An interesting thing you can do with primary keys is that you can make a combination of columns the primary key. This is important when more than one column is required to make something unique. In an intermediary table, instead of having an association ID, we can have the combination of two rows as the primary key. This is known as either a compound or composite primary key.
In the situation of using natural keys, composite keys are more common. For example, you could have a shopping website that allows multiple people from the same household to use a certain coupon you sent out. In this situation, you could use the address and the person’s name as the natural primary key.
What is the difference between a primary key and a column that has UNIQUE and NOT NULL constraints? The primary difference has to do with indexing.
When you create a primary key, the column will automatically be indexed. This means that working with this data is faster. Now, we haven’t talked a ton on indexes, but by default this will create a clustered index. UNIQUE constraints are also indexed by default, but the default index for a UNIQUE constraint is a non-clustered index. Clustered indexes determine how the table is actually stored, while non clustered indexes will make a sorted list that has reference to the data. This is not a life changing difference because these can actually be changed. We will discuss all of the details of indexing in future videos. As a side note, the IDENTITY column is not automatically indexed.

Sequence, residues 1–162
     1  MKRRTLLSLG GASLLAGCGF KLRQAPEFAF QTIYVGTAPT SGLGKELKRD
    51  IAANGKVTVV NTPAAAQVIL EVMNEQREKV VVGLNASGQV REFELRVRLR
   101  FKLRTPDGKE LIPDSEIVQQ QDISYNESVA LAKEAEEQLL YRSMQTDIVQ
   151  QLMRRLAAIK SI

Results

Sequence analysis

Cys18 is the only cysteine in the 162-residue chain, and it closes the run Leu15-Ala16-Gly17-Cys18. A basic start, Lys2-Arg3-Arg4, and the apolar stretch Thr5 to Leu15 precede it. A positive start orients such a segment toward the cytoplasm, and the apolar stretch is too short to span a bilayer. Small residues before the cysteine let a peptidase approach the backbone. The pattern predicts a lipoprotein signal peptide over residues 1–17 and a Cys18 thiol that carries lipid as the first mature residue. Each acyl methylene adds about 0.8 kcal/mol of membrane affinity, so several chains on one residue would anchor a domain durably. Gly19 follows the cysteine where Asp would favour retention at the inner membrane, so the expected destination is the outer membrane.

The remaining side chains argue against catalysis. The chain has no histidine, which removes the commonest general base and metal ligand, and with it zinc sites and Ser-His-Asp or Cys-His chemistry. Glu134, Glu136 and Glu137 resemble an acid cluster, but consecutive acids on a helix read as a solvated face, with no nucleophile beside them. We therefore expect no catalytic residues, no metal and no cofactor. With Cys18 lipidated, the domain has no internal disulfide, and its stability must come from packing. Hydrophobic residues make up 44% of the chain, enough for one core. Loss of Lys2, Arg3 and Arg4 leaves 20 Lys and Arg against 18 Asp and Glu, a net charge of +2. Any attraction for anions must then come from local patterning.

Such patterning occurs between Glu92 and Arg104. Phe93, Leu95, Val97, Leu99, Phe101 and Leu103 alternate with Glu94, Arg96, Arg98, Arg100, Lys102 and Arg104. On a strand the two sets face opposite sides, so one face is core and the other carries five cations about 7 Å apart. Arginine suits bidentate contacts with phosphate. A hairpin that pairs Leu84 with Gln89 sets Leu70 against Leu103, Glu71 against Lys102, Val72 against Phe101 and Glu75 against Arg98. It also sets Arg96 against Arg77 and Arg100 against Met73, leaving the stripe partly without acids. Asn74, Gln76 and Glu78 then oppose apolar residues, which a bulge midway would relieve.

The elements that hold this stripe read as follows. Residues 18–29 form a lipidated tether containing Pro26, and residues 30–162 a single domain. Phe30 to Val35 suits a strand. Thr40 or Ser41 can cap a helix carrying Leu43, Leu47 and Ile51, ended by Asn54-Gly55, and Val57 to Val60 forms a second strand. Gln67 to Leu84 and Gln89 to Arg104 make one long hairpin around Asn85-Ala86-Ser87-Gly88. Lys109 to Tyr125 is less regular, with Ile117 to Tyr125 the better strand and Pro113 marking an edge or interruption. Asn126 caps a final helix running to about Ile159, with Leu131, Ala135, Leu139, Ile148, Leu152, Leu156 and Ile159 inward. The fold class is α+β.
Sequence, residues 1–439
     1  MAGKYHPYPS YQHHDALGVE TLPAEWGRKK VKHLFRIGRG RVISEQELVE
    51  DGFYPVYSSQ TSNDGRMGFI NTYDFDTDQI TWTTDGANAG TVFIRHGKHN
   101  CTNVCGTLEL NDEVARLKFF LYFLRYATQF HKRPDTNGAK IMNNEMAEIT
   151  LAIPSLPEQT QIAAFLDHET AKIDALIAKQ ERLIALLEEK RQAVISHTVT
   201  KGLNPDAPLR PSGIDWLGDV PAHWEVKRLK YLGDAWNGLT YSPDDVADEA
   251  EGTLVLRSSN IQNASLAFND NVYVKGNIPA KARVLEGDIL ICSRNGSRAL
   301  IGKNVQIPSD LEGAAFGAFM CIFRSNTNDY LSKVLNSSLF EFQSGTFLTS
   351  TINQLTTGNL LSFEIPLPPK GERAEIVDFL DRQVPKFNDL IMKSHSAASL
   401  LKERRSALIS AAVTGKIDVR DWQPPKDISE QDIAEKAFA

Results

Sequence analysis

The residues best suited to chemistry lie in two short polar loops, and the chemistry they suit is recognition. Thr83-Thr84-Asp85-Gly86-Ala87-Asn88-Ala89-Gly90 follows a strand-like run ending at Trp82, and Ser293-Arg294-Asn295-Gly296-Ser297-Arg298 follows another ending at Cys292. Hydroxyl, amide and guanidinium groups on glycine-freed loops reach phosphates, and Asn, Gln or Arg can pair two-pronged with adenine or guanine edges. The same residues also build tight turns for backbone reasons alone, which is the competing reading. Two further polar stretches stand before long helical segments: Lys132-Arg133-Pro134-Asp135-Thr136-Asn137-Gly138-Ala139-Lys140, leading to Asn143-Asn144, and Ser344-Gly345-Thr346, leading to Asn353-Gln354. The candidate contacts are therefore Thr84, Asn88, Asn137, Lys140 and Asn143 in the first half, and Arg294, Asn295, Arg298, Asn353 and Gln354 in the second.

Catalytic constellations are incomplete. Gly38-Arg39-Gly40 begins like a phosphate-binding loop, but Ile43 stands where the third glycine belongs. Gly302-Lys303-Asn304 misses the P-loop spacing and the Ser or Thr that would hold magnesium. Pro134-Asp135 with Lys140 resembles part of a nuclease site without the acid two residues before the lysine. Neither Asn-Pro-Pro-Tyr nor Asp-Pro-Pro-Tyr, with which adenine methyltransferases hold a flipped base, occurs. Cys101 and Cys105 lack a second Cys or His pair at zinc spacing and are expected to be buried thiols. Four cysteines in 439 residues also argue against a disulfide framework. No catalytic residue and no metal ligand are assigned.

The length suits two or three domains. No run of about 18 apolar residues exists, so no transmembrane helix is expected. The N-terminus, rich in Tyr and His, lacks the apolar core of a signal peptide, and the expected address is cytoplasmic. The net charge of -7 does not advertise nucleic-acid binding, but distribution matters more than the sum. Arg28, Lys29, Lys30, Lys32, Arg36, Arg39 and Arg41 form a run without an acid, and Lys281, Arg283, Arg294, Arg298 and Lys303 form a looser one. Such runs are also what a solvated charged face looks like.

How do we reference primary keys? This requires what is known as a foreign key, which we will discuss in the next video.
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